Sunday, June 4, 2023

Colombian develops commercial lighting-detection system

Colombia’s stormy weather isn’t a new phenomenon – in a single month, more than 3 million lighting strikes are recorded. This represents a risk for personnel who work on electrical lines, in mines, airports, wind farms and oil fields.

In order to protect people and infrastructure located in these areas, Daniel Aranguren has created an alert system that combines lighting detection, electrostatic potential measurement and intelligent analysis. The goal of this young electrical engineer is to have a much better warning system – one that is now being employed by the country’s four main oil companies. In order to commercialize the system, Aranguren founded his own company, Keraunos.

Aranguren began constructing his electrostatic field measurement devices for detecting electrical storms in 2003 while he was study his degree at the Universidad Nacional de Colombia (UNAL) and continued developing prototypes for various research projects financed by UNAL, Codensa and the Centro de Investigación de las Telecomunicaciones. However, these attempts suffered greatly from environmental conditions. “Their reliability was minimal,” said Aranguren.

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In order for these detectors to able to operate in difficult conditions, Aranguren continued to work on refining the calibration systems while continuing his studies abroad. He completed his doctorate at the Technical University of Catalonia  in Spain, where he studied thunderstorm monitoring in Europe as part of several projects with meteorological services and businesses in Spain and Germany. He also worked with NASA’s John F. Kennedy Space Center, which predicts storm risk to ensure launch safety. “The most valuable part of my thesis was the large number of measurements taken,” he said.

In 2011, Aranguren took the knowledge gained his investigations and founded Keraunos by marketing a system that works with innovative software which allows its computers to process the signals and make the necessary corrections when installed in mountainous terrain and other adverse environments. “The detection and prediction methods have been developed in the real-life conditions of Colombia,” he said.

The data gathered in various test carried out over five years (with 23 sensors distributed in four experimental networks in different parts of the country) helped engineers to design the electrostatic field measurement systems found in Keraunos’ PreThor and SAT warning systems. “They inform us about imminent lighting strikes around installations via SMS and e-mail which allows for preventative action to be taken,” explained Aranguren.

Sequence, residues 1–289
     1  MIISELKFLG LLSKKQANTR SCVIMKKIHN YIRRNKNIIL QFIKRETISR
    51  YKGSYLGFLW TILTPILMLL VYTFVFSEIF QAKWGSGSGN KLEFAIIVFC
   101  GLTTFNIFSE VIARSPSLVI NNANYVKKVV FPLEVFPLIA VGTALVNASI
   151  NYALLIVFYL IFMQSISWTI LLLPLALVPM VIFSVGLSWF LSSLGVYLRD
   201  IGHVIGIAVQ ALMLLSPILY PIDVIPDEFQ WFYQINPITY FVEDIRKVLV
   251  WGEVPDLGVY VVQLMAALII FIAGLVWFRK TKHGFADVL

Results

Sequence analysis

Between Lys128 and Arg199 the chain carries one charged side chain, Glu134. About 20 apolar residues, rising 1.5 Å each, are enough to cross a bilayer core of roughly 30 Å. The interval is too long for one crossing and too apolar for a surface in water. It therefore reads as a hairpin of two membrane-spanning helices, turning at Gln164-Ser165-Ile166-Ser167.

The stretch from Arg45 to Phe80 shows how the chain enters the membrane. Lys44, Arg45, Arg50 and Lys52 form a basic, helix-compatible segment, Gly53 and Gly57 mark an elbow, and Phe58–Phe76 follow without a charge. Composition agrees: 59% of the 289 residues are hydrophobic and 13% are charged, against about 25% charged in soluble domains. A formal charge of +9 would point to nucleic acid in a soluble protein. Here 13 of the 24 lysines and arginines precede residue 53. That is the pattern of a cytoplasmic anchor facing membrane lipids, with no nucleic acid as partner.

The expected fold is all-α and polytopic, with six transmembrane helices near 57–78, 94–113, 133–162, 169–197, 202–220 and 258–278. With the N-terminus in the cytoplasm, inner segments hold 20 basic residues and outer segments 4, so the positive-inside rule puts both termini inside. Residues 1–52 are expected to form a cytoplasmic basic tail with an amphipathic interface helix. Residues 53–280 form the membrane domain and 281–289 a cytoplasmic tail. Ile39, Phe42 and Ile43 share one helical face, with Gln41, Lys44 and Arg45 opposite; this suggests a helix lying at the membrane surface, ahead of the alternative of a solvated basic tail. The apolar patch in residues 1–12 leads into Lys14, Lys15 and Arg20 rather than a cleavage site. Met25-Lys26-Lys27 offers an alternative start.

Besides developing PreThor and SAT, Aranguren has been behind the adoption of the LINET network which was developed in Europe by Professor Hans-Dieter Betz, of the University of Munich. This sensor system complements the measurement of electrostatic fields and permits real-time lightning monitoring to predict and calculate a storm’s arrival time.

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The technology developed by this young Colombian is right now capable of reprocessing old data in order to refine future predictions, reduce false alarms and help determine when conditions will return to normal. According to Aranguren, this historical dataset is also useful for analyzing incidents on transport and energy networks and also to identify risk zones when deploying electrical lines.

According to Carlos Arturo Ávila, director of the Universidad de los Andes’s high-energy physics experiments and member of the TR35 Colombia jury, Aranguren demonstrates “a solid education” and stands out because of “his work and perseverance” improving detection instruments. Moreover, Ávila places a high value on the fact that Keraunos has already installed warning systems in various oil fields an “is in the process of expanding to other Latin American countries.”

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